There's also the physical effects of anxiety. The only way I can think to describe it is that sensation of real intense fear or nervousness before something that scares you - an exam, an interview, a dentist appointment... Except with anxiety (in my case at least - others have specific triggers) there's nothing specific in that moment causing it and so there's no set time that the feeling will subside. You know that once whatever you're nervous about is over, you'll go back to feeling better. With anxiety it could last minutes, hours, days. My anxiety can range from a low level bubbling where my mind whirls around a little bit too quickly and I'm trying to think about 100 things at once. To a full blown 'attack' where my heart feels like it's racing, I run hot and cold, my lungs feel like they can't get enough air in, my stomach does backflips to rival an olympic gymnast and my tear ducts spring a major leak. Thankfully for me this doesn't happen too often, but the thought patterns and the worry about anxiety creeping up on me are always lurking. After being diagnosed in 2014, I got given some tablets as a short term fix to get me through my exams and trotted off leaflet in hand, fully intending to sort it out properly and never quite getting round to it. It kind of becomes the new normal.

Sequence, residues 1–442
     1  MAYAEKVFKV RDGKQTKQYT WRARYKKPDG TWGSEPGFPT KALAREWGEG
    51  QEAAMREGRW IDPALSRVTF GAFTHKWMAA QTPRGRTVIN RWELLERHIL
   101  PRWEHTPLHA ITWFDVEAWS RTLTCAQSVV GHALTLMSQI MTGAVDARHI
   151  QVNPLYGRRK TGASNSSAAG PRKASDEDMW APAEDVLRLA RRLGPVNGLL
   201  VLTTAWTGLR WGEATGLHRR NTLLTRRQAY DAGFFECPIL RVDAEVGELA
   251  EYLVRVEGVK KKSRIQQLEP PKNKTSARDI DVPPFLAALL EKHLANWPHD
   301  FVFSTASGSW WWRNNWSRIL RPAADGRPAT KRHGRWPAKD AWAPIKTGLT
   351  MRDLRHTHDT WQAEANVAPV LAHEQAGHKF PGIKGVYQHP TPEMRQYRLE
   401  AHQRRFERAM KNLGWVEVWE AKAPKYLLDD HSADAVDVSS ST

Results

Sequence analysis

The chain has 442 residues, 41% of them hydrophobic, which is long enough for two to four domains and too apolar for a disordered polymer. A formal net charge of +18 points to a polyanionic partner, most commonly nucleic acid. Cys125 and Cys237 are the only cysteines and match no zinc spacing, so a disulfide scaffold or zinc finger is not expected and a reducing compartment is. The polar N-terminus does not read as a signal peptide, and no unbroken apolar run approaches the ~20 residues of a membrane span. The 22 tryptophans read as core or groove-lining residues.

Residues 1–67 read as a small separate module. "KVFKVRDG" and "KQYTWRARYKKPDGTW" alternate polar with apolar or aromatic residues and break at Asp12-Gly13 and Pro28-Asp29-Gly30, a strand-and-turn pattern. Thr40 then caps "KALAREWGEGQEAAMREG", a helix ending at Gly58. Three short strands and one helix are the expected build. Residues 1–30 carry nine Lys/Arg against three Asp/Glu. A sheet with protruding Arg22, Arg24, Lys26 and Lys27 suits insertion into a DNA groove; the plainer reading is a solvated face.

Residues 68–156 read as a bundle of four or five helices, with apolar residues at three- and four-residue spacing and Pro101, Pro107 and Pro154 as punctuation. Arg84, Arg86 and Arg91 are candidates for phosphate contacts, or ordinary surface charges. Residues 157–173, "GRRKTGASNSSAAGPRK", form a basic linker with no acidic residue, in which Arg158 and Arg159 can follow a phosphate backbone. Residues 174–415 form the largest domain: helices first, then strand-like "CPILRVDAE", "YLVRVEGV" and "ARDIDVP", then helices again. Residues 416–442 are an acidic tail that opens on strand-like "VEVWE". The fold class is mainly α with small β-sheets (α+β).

I've mentioned before how taking up triathlon has helped me get back some mental toughness and find my way back to myself. We're entering into Stinking Bishop realms of cheesy here, but the journey to the start line of my first Ironman 70.3 really was so rewarding and it gave me the mental strength to start kicking anxiety up the arse. I've found with triathlon training that as my physical strength has developed, so too has my mental strength. I've gone from 'I could never' to 'yes I can' and triathlon has helped me to get there. Every race I've completed, every hard session I've pushed through. Each time I've gone out and achieved things that have surpassed my expectations of what was possible. It's all felt like building blocks which have linked together to help my mind grow stronger, to help shut down the anxious thoughts more often and to help me believe I can.